While the world’s most famous and luxurious golf clubs and resorts profess to giving their guests the white-glove treatment, the prospect of a royal visit or a head of state dropping by is a complex matter.

Bearwood Lakes is an exclusive golf club with an international membership in Berskshire. A 30-minute drive from London’s Heathrow Airport, its finely manicured course and clubhouse are built on an estate that, until recently, was part of the Great Windsor Park – hunting grounds of the Kings of England since the 11th century. No surprise then, that members of Britain’s royal family are prone to make themselves at home at Bearwood Lakes, which has, among other things, hosted the United Kingdom qualifier for the Duke of Edinburgh Cup. Naturally, protocols for when the royals arrive are firmly in place. Take for example, His Royal Highness Prince Edward’s recent visit.

“All staff members were briefed and told that when addressing the Prince for any reason, they should call him ‘His Royal Highness’ and that no fuss was to be made of him,” says Rebecca Glenister, the membership director for Bearwood Lakes. “The Prince made it quite clear he did not want to cause too much disruption to the daily running of the golf course.”

Honourable intentions indeed. But a royal is a royal and due to safety concerns, some fuss and disruption was certainly necessary. Security staffers arrived two weeks ahead of the Prince. “They checked the boundaries of the golf course for weak points and one of our meeting rooms in the clubhouse was appointed a ‘safe room’ where, in case of an emergency, the Prince could be locked away from harm with a telephone whilst his bodyguards assessed the situation. The key was given to the head security guard and no one was allowed in or out.”

All normal postal and food deliveries were suspended for the day and a Bearwood Lakes staff member, who would recognise authorised visitors, manned the gate to identify possible risks. Two bodyguards and two four-wheel drive vehicles were set to shadow the Prince around the hilly and wooded golf course designed by Martin Hawtree, even if he were to stop by the club’s halfway house to try one of their famed bakewell tarts, according to Glenister.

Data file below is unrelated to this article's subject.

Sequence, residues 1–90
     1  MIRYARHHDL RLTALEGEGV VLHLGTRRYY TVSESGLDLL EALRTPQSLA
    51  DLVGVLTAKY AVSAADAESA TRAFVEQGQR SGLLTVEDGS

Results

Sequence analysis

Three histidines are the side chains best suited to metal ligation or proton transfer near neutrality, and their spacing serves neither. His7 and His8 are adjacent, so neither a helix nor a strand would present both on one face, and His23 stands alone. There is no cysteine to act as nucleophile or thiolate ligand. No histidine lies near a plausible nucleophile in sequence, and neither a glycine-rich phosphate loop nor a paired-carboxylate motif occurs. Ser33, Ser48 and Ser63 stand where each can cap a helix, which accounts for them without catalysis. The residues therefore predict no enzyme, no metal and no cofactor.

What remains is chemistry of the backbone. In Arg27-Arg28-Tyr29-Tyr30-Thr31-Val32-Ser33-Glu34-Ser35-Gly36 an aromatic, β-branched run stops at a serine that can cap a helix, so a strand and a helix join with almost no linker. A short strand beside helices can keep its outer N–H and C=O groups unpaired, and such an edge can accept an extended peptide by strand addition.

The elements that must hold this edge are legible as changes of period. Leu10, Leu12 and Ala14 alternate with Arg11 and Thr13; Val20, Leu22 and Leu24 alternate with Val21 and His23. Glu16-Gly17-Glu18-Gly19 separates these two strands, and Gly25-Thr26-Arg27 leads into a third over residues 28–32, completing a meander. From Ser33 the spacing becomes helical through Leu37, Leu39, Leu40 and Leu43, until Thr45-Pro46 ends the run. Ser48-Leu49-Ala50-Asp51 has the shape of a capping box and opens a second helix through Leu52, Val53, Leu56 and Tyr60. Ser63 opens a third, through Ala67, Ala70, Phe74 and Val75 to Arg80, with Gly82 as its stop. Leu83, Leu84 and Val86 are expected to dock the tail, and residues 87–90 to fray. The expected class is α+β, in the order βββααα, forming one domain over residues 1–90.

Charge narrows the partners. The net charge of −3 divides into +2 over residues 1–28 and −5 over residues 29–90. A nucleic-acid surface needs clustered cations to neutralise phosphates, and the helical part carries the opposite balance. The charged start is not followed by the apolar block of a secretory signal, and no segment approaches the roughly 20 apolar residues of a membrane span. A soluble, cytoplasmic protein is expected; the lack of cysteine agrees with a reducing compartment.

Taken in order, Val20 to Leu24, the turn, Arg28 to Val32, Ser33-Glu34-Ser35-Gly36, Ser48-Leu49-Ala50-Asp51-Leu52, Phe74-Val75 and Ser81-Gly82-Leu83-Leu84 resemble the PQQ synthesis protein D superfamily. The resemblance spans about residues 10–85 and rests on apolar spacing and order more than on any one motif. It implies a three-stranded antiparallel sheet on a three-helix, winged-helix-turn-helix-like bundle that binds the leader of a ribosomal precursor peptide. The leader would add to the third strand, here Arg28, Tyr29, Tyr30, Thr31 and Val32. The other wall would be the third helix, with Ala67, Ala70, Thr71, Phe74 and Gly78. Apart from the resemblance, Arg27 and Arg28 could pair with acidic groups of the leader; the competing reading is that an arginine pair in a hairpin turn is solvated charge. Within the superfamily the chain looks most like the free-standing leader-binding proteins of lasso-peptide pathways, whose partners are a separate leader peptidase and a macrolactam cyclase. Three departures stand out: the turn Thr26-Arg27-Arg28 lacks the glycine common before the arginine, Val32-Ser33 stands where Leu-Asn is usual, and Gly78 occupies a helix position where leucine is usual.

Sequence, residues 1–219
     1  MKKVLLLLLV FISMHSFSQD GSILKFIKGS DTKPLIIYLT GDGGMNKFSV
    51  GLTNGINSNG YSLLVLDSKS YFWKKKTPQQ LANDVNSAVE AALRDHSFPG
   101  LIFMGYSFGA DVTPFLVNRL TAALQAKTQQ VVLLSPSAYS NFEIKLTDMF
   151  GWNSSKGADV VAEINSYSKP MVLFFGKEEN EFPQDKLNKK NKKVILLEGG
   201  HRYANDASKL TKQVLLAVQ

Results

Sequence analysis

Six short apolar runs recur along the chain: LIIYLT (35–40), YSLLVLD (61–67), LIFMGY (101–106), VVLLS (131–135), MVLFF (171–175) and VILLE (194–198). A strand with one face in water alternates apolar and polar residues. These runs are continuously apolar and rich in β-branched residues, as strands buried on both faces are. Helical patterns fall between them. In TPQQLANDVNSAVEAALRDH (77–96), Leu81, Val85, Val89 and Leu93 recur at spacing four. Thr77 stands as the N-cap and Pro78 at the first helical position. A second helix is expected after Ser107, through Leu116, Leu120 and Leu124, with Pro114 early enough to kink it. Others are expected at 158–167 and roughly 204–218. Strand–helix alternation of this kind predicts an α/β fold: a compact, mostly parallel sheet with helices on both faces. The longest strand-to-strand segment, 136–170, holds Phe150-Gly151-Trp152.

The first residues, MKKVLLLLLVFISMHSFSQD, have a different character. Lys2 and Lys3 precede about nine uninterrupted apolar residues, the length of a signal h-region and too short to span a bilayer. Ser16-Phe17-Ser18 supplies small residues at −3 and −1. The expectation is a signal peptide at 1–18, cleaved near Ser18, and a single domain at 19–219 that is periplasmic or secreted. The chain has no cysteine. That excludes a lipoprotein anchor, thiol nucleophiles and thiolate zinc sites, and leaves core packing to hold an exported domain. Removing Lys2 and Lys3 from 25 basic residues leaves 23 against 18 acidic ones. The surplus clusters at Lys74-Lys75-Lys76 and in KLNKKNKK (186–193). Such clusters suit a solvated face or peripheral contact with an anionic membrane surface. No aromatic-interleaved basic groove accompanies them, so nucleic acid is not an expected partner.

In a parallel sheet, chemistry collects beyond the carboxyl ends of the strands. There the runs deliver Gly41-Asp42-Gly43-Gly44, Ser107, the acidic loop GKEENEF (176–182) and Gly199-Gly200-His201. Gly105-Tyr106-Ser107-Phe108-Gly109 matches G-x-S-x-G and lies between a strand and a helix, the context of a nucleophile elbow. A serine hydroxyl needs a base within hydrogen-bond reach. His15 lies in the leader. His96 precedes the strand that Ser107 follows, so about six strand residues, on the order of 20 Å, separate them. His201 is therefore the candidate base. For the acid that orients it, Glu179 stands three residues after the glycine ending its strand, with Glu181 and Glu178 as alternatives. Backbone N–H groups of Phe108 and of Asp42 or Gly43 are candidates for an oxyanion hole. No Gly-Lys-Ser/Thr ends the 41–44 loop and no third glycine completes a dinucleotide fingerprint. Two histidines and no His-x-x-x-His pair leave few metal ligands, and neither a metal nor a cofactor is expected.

Members at Bearwood Lakes enjoy the tarts, and an extensive practice range which helps them avoid the 50 acres of lakes threatening their score. Membership at Bearwood Lakes is by way of no more than 675 debenture units. A small number of full memberships are available at approximately $10,000 U.S.; associate memberships, which forbid play on weekends or Bank Holidays, cost $5,000. Corporate, student, junior and international memberships are also available. International members must be a member of a recognised golf club and must reside outside the United Kingdom. Contact Bearwood Lakes at or telephone 01 18 979 7900.
One avowed UK resident, HRH Prince Andrew, The Duke of York, slips in and out with only one security person when he visits the Loch Lomond Golf Club, according to Joanne Kerr, a communications official for the posh and private enclave just outside Glasgow. His Highness serves as Loch Lomond’s International Captain, so his visits are often in an unofficial capacity. “The first time we address him as ‘Your Highness,’ the second time and onward, it’s ‘Sir’,” Kerr explains. Mind you, the staff members employ a “speak only when spoken to” philosophy with the Prince.